Phenotypic data analysis

Individual fruit measurements (FF, SS, and WCI) were first averaged for each seedling, and then averaged over the two harvests in a given year. As repeated records for each seedling occurred over two years, there was an element of ‘permanent environmental effect’ associated with a seedling's performance. In other words, when a seedling has multi-year records, its breeding value and part of the environmental effects are repeated. We used the following individual-tree mixed linear model accounting for repeated records for each trait:(1)where y is the vector of observations, b is the vector of fixed effects (e.g. assessor, year), a is a vector of additive genetic effects of seedlings, p is a vector of permanent environmental effects and e is a vector of residual effects. The matrix X is the incidence matrix for the fixed effects and Z is the incidence matrix relating observations to seedlings. Each seedling has an additive genetic as well as a permanent environmental effect, so both effects have the same design matrix (Z). The associated variances with the random effects, a, p and e were , and respectively. We assumed that within a seedling there was no correlation between its additive and its permanent environmental effect, and that permanent environmental effects for different seedlings are uncorrelated. Estimates of narrow-sense heritability (h2) of each trait were obtained as the ratio of additive variance () to the total phenotypic variance ( = ++). Genetic relationships among seedlings and among parents (some parents were related) were taken into account via the additive genetic relationship matrix. ASReml software [42] was used to obtain BLUP-BVs of all seedlings, which were later used for developing GS models.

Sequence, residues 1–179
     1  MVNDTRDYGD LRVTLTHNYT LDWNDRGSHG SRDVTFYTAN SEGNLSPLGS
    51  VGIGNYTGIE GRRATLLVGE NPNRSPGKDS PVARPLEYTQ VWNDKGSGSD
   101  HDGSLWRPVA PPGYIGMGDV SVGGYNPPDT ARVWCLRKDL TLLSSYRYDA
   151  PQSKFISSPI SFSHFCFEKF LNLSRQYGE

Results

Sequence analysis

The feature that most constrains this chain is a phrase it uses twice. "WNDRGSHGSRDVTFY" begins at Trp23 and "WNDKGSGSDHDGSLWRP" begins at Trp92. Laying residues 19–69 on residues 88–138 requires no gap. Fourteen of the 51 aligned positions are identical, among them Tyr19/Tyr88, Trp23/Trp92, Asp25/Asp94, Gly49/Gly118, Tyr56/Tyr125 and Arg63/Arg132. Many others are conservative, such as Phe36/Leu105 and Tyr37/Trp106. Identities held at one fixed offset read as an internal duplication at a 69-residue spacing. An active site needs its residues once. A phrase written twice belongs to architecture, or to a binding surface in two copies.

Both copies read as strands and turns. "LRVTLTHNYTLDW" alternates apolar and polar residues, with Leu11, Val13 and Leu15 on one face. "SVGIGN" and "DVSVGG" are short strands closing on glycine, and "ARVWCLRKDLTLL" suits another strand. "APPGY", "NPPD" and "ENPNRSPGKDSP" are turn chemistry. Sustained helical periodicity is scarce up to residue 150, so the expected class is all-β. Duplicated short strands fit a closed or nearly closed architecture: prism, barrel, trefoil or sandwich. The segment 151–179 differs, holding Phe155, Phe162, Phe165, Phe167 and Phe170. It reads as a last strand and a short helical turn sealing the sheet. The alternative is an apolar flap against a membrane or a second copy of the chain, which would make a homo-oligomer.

Single nucleotide polymorphism genotyping